Guess what? Turns out if you essentially ignore half the population, you're leaving money on the table. Apparently this is, like, an AP Calculus-level concept in Hollywood.
The Hollywood Reporter suggests that the industry's all-young-dudes-all-the-time summer blockbuster strategy is backfiring. For one thing, younger audiences are slipping away like sands through the hourglass: In 2013, as per the MPAA, the share of "frequent moviegoers" dropped 17 percent among the 18 to 25 demo and 15 percent in the 12 to 17 demo. Meanwhile, women are showing less interest in
bald-faced dudebro crap spectacles like Transformers: Age of Extinction:
By contrast, females made up only 39 percent of Amazing Spider-Man 2's debut audience, compared with 42 percent for 2012's The Amazing Spider-Man and 46 percent for Spider-Man 3. The same trend applies to Transformers: This summer's Age of Extinction skewed 64 percent male during its first weekend.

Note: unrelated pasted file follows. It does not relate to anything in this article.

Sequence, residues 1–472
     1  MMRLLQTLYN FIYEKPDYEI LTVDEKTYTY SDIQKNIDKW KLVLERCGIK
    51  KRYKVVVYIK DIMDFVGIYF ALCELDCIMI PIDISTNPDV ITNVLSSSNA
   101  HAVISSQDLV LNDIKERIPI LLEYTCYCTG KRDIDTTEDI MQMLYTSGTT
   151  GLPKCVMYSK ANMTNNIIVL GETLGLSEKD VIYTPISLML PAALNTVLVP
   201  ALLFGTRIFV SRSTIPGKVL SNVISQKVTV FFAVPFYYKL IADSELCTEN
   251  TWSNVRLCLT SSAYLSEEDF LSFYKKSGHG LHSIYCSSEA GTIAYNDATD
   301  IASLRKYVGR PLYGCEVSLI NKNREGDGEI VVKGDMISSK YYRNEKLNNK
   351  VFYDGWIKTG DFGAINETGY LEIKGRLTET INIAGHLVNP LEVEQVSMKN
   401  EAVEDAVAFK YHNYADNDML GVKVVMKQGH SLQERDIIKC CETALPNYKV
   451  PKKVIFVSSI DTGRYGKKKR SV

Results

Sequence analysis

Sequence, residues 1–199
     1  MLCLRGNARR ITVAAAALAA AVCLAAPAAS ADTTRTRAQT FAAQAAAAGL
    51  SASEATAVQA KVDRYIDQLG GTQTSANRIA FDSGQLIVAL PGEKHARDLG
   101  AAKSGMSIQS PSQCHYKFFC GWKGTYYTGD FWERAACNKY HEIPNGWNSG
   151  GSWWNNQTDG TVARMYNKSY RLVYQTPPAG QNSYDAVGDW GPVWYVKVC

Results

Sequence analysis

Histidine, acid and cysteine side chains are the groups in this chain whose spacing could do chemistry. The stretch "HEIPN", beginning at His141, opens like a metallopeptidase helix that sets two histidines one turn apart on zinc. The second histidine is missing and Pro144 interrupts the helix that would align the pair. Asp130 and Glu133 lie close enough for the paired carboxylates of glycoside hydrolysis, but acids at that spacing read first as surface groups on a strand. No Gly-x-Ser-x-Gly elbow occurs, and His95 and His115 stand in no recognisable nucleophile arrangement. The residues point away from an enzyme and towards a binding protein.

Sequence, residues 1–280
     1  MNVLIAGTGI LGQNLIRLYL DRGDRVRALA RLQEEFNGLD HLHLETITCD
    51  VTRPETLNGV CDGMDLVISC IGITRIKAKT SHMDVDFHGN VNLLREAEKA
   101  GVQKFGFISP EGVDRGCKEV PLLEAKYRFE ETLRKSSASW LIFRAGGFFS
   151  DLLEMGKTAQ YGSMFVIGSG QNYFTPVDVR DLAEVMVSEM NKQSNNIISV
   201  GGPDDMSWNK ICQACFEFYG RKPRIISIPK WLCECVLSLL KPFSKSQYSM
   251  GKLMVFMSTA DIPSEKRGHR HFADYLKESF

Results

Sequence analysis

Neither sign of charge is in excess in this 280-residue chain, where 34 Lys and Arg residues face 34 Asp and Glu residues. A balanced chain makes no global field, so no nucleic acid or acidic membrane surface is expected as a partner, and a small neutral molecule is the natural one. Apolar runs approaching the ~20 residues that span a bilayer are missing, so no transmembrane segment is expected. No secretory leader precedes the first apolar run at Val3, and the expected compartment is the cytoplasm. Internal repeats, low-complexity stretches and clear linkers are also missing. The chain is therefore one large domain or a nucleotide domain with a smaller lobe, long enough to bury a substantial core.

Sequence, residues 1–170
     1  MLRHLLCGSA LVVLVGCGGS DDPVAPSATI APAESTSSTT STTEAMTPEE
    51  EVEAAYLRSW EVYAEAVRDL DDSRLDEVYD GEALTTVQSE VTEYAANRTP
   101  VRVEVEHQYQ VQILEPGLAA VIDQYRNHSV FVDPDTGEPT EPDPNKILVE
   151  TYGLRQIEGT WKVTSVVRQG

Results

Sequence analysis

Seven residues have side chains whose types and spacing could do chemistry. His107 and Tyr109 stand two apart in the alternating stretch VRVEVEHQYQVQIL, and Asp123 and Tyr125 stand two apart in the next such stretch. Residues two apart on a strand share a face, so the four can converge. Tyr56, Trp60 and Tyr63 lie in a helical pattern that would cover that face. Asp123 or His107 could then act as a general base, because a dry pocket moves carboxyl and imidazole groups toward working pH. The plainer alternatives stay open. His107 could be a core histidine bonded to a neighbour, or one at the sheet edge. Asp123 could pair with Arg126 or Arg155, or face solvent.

All this translates to a 20 percent summer-revenue collapse for North America.
All the while, movies that bother a) appealing to women and b) being remotely worth a crap are making money hand over fist:
Moms and girls helped turn Frozen into one of the biggest successes of all time ($1.27 billion), and they have powered Disney's Maleficent to nearly $670 million, including $222 million in North America — more than any other summer film aside from X-Men: Days of Future Past. Fox's The Fault in Our Stars also mobilized younger girls (82 percent of the opening audience was female; 79 percent was under 25).
If only someone could figure how to shoehorn some robots into a remake of All That Heaven Allows!
Photo via AP Images.